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January 1980

Gastric Bypass for Morbid Obesity: Preoperative and Postoperative Psychological Evaluation of Patients

Author Affiliations
From the Department of Surgery, Texas Tech University School of Medicine, El Paso (Dr Saltzstein), and the Department of Medicine, Mount Sinai Medical Center, Milwaukee (Dr Gutmann).
Arch Surg. 1980;115(1):21-28. doi:10.1001/archsurg.1980.01380010013003

• Twenty consecutive patients undergoing gastric bypass for morbid obesity were evaluated psychologically preoperatively and postoperatively by Minnesota Multiphasic Personality inventory (MMPI) assessment, a Problem Index designed for the study, and semistructured interviews. Patients were classified into categories based on the extent of psychopathology demonstrated preoperatively, and into categories based on the presence or absence of postoperative complications. Eighty percent of the patients continue to do well or improve psychologically. Patients with postoperative complications showed no significant change in psychological status. Patients who did not experience postoperative complications showed significant improvement in depression, hysteria, poor morale, psychoticism, phobias, and health concerns. Psychological changes with surgery did not correlate with weight loss. All patients with complications were unmarried and more likely to be moderately or severely disturbed on preoperative MMPI assessment.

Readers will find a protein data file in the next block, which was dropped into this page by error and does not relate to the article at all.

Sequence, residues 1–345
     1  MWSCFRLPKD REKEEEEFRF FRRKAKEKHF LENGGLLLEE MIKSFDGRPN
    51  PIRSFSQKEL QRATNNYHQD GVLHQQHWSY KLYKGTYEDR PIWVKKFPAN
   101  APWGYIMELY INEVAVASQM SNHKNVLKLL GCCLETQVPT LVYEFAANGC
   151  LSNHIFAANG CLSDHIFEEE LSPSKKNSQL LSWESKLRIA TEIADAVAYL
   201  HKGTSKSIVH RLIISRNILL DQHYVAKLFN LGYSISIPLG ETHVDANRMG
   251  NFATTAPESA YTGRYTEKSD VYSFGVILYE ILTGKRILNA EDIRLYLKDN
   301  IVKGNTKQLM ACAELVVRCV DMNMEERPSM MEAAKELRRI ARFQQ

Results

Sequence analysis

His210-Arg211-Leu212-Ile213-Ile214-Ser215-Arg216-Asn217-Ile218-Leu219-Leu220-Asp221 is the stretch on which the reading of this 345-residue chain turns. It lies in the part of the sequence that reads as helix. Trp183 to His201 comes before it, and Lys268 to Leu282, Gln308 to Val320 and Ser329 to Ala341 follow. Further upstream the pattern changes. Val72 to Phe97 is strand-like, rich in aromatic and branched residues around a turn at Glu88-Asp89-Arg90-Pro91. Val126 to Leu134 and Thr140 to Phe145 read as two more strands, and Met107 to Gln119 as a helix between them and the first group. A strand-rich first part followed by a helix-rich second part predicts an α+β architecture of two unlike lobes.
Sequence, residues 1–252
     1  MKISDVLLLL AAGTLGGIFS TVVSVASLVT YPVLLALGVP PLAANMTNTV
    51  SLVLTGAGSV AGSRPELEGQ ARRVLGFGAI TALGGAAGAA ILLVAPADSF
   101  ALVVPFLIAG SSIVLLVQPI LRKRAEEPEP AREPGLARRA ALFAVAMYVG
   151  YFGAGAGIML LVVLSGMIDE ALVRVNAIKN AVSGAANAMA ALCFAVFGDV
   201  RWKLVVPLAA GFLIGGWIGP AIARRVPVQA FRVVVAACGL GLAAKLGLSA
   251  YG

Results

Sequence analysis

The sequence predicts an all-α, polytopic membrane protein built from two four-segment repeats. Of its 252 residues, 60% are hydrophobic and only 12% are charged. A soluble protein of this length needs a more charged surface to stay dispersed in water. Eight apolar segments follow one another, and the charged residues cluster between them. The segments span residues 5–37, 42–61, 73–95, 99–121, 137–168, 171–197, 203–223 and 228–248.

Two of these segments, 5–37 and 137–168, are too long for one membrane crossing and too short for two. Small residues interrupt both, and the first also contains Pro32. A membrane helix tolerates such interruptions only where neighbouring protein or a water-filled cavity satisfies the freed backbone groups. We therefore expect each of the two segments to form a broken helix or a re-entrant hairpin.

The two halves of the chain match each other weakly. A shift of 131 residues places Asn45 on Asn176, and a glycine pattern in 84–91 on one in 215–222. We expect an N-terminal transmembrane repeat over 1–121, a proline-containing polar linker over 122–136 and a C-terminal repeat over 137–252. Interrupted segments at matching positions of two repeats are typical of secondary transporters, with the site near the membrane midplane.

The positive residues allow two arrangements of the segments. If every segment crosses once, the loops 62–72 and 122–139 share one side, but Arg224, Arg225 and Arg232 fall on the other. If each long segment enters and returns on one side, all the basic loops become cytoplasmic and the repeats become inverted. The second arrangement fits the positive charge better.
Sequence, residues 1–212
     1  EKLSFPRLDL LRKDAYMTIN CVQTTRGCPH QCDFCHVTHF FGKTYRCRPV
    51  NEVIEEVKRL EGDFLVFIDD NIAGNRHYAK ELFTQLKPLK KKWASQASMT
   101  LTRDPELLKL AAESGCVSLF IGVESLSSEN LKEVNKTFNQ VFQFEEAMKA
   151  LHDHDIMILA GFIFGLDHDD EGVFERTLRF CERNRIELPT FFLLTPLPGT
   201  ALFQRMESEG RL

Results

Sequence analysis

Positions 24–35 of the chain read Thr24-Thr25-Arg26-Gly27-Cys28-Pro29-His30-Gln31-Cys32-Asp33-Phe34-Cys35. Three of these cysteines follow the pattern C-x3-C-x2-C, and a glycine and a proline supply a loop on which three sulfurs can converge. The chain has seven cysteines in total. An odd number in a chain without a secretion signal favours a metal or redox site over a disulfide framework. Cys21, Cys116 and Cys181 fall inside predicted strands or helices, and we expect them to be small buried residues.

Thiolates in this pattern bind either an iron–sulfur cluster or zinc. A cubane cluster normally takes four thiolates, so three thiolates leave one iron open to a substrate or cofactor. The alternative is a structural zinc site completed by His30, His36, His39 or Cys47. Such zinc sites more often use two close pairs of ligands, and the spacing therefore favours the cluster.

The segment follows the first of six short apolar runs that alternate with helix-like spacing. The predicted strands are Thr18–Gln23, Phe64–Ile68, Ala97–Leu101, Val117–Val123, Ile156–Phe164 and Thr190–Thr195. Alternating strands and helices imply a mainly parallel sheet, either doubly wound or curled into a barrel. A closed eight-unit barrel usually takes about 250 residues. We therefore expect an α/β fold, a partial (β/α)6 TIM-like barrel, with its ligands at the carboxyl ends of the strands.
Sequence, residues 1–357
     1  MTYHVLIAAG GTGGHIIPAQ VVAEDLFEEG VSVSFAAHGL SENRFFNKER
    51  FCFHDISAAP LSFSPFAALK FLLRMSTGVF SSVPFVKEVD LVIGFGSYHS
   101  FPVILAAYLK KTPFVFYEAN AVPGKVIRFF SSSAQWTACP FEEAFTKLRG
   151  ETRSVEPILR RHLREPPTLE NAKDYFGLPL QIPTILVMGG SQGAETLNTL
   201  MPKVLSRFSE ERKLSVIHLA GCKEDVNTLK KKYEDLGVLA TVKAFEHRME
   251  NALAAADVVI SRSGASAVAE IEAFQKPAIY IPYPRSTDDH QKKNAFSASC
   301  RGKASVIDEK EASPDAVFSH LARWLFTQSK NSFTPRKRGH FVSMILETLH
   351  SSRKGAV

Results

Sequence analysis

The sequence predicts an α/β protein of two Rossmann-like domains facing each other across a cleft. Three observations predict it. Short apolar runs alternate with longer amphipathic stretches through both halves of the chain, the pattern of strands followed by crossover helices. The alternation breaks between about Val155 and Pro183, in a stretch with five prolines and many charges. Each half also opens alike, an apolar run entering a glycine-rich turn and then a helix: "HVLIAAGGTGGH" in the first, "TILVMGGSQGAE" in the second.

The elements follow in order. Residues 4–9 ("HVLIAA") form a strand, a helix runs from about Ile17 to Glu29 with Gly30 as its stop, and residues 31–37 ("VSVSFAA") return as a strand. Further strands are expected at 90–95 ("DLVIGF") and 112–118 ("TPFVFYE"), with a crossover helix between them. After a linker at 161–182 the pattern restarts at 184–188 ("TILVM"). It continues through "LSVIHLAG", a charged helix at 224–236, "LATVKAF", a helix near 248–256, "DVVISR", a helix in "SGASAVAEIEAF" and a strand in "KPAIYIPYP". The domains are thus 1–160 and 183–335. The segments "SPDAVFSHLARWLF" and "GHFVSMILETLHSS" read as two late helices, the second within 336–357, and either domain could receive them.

(Arch Surg 115:21-28, 1980)